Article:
The researchers noted a considerable difference between the two groups of children in the auditory area of the left hemisphere of the brain, which controls language and logic. Children with autism showed no response while those without autism showed an immediate response.

"Our results made sense. Both anecdotal and behavioral evidence suggest children with autism have significantly disturbed brain circuits on the local level within an individual brain area," Wilson said.

-----

Severe Burns Can Cause Heart Problems

Severe burns can cause a major reduction in heart function and increase the risk of death, says an American study in the journal Critical Care.

Researchers from Shriners Hospitals for Children studied 189 children with burns, finding that those who had burns over 80 percent of their bodies had a "marked" decline in heart function, BBC News reported.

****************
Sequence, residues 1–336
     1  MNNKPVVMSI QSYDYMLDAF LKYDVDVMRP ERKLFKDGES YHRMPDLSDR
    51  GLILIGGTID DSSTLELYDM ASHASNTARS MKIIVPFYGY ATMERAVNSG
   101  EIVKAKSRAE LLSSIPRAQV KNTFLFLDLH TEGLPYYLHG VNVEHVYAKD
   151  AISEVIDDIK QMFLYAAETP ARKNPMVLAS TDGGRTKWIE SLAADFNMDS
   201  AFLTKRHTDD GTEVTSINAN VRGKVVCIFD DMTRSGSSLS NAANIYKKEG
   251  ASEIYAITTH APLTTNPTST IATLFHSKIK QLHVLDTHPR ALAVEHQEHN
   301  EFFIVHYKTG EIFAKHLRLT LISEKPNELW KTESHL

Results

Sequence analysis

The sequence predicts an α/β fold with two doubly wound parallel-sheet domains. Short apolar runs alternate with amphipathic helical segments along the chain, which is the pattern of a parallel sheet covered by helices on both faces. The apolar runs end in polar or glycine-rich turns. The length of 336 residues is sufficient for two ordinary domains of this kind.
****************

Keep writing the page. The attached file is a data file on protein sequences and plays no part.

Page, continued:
The study found that burns trigger heightened inflammatory and metabolic activity, which severely stress the heart and other vital organs. In addition, wounds take longer to heal and patients are vulnerable to infection.

Patients with severe burns have high death rates. These findings have implications for the care of those patients, according to lead researcher Marc Jeschke. He said treatments must focus on a number of areas, and adequate cardiovascular support is one essential component, BBC News reported.

-----

Infectious Diseases Spreading Faster Than Ever: WHO

International air travel is a major reason why infectious diseases are spreading faster than ever before, putting the world at high risk for a major epidemic, the World Health Organization says in its annual report.

To reduce the risk, the WHO said countries need to boost efforts to fight disease outbreaks, and must share virus data in order to develop vaccines, BBC News reported.

"Given today's universal vulnerability to these threats, better security calls for global solidarity," WHO Director-General Margaret Chan said in an introduction to the report. "International public health security is both a collective aspiration and a mutual responsibility," she said.